MESOP – KOBANE UNDER FIRE : Many Displaced as ISIS Attacks Syrian Kurdish Villages with Heavy Artillery
Kurdish officials in Syrian Kurdistan (Rojava) reported fresh fighting in recent days as ISIS sought to advance on the city of Kobane using advanced weapons that its fighters captured from the Iraqi army in the fall of Mosul last month.
ISIS on June 30 declared the establishment of an Islamic state, spanning the border of the two countries, and proclaimed its leader Abu Bakr Al-Baghdadi to be the new caliph.
So far in the Syrian civil war, Kurdish forces linked to the Democratic Union Party (PYD) have fought hard to hold off the advance of ISIS and other jihadist groups. They have succeeded in keeping the militants out of Rojava and have secured relative stability within the region. It has thus been spared the devastation inflicted on much of the rest of Syria.
Amid the renewed fighting, the head of the autonomous Kobane canton, Mahmud Bashar, called on all Kurds to come to the aid of the PYD’s armed wing – the People’s Protection Units (YPG) – to prevent the territory falling to the Islamists.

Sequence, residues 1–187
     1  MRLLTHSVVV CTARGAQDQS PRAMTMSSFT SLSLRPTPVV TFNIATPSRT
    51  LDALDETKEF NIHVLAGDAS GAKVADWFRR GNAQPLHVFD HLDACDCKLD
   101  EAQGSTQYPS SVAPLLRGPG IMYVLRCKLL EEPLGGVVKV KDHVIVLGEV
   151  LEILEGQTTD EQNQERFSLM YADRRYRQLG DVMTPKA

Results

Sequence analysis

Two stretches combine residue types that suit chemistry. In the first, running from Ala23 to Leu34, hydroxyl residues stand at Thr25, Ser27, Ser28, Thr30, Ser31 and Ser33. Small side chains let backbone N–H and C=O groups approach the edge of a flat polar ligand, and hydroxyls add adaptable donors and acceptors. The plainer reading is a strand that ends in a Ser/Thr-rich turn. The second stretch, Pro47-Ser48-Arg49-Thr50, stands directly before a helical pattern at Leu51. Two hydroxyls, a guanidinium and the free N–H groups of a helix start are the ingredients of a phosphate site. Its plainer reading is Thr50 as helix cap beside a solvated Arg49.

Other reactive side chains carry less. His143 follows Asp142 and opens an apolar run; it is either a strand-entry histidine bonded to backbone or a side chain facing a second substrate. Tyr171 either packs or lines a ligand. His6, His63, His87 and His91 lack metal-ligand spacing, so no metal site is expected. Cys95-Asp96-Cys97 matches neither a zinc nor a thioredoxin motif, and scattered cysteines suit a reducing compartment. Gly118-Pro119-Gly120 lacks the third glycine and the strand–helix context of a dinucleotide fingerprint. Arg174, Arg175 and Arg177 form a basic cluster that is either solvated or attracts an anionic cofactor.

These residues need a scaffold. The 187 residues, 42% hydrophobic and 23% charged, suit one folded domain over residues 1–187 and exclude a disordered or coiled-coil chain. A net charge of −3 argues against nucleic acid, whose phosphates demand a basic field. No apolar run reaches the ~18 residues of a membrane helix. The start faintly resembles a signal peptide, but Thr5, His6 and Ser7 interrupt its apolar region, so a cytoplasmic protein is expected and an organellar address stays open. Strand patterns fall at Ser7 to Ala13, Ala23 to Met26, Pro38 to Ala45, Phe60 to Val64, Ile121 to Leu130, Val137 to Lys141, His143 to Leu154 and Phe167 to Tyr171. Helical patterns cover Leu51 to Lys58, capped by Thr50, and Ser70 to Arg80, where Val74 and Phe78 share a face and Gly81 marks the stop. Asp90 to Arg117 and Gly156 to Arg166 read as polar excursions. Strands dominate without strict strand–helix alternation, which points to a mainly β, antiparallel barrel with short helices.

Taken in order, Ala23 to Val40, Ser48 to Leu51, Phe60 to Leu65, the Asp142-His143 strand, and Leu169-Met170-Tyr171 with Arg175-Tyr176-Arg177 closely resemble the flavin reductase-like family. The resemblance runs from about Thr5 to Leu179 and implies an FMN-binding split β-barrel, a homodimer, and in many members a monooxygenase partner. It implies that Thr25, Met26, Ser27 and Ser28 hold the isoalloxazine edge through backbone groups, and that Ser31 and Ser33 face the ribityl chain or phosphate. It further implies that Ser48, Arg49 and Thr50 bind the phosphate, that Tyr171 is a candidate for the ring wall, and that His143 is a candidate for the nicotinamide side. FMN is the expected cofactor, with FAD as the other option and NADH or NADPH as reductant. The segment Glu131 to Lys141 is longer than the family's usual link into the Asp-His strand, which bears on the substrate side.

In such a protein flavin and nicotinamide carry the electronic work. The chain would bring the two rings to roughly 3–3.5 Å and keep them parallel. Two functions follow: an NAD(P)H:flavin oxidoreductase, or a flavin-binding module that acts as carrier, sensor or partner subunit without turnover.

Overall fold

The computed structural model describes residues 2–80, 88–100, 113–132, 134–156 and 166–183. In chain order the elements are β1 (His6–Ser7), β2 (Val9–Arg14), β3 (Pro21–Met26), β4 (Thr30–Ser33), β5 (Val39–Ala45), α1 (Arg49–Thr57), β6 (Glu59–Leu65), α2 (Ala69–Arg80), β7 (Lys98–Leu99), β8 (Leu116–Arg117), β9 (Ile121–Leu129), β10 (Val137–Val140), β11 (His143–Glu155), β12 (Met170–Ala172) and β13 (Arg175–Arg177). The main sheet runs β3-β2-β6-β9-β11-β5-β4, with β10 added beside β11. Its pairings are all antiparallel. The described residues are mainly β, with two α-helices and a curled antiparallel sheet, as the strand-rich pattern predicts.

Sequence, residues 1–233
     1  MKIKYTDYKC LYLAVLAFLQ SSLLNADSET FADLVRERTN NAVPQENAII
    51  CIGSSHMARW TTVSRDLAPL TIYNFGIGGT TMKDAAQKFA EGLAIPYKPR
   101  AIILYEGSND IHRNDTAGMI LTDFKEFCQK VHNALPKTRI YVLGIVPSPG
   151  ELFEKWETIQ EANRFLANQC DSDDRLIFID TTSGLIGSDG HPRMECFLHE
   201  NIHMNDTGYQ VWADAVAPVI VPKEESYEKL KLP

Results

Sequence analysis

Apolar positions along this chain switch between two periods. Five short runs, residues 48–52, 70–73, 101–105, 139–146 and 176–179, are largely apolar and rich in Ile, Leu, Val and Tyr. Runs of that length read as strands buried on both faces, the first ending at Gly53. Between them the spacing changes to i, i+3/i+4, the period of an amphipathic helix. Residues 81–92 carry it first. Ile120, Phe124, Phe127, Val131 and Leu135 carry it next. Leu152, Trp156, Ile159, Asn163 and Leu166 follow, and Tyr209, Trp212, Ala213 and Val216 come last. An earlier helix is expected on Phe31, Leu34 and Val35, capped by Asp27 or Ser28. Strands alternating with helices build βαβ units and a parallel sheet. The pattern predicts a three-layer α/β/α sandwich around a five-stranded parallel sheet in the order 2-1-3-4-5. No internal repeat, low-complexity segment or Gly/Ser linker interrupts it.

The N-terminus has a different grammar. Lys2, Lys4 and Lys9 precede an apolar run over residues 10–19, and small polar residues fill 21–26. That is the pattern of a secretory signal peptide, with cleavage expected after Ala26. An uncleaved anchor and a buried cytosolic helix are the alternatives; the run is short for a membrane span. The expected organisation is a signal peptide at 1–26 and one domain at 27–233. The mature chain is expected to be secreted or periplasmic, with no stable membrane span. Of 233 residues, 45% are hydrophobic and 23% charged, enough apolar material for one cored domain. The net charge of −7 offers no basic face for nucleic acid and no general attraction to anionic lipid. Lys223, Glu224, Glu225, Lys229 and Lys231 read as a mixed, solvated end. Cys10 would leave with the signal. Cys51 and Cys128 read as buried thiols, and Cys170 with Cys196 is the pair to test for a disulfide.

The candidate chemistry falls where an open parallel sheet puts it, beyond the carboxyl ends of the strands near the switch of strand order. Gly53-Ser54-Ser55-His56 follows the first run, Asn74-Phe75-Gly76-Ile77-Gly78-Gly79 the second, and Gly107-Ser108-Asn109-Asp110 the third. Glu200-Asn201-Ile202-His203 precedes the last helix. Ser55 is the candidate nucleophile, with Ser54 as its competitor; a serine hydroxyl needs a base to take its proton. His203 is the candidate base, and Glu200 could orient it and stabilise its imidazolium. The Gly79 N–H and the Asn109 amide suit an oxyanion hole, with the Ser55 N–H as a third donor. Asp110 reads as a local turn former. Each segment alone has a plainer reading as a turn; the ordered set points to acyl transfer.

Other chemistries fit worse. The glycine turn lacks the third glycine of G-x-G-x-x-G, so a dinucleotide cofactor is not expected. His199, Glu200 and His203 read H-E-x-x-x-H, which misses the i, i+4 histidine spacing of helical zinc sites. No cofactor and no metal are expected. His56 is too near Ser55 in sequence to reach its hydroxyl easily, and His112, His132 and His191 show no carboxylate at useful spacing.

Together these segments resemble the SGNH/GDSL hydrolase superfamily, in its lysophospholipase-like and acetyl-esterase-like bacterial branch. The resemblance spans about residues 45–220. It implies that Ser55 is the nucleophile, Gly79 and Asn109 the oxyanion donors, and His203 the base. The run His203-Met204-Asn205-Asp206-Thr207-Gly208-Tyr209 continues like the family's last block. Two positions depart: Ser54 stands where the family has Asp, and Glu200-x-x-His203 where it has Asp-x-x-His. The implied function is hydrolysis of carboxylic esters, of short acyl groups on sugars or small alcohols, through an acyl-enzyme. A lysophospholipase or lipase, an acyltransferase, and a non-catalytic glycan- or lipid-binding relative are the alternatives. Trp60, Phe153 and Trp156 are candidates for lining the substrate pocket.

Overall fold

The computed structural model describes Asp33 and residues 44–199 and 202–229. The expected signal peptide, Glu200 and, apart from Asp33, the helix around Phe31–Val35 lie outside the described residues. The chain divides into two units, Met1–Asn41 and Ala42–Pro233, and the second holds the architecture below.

“The fighting is going on and we cannot say that the YPG or the ISIS have taken or lost this or that area,” Bashar told Rudaw by telephone. “The fighting isn’t over yet.”
Shelling had forced many villagers west of the Euphrates river to flee their homes and seek shelter in Kobane.
“The villagers have sent their women and children to Kobane and the men themselves have taken up arms to fight the ISIS,” Bashar said.
Neither side has revealed casualties in the latest fighting.
The PYD last year announced Kurdish autonomy in three cantons of Rojava, including Kobane. The party, which has close links with Abdullah Ocalan’s Kurdistan Workers’ Party, says it has established an administration that represents all communities in the region. There have been tensions, however, with other Kurdish groups over the dominant role of the PYD.
The autonomous cantons have not been recognised either abroad or by the moderate mainstream Syrian opposition which sees their establishment as a move that could lead to the break up of Syria.
With Rojava once again under pressure from a resurgent ISIS, local military leaders have appealed for international support to see off the threat.
YPG leaders have said that they need outside help to fight the Islamists, pointing out that the U.S. government is considering millions of dollars of support to what it regards as moderate opposition forces in Syria.
YPG commander Sipan Hemo complained recently that Washington had yet to make clear where it stood on the role of the Kurds in Syria. He told Rudaw: “If the goal truly is for democracy to come to the Middle East, and if the moderate forces in Syria are going to be supported, the Kurds are prepared for this and are the ones who deserve it the most.”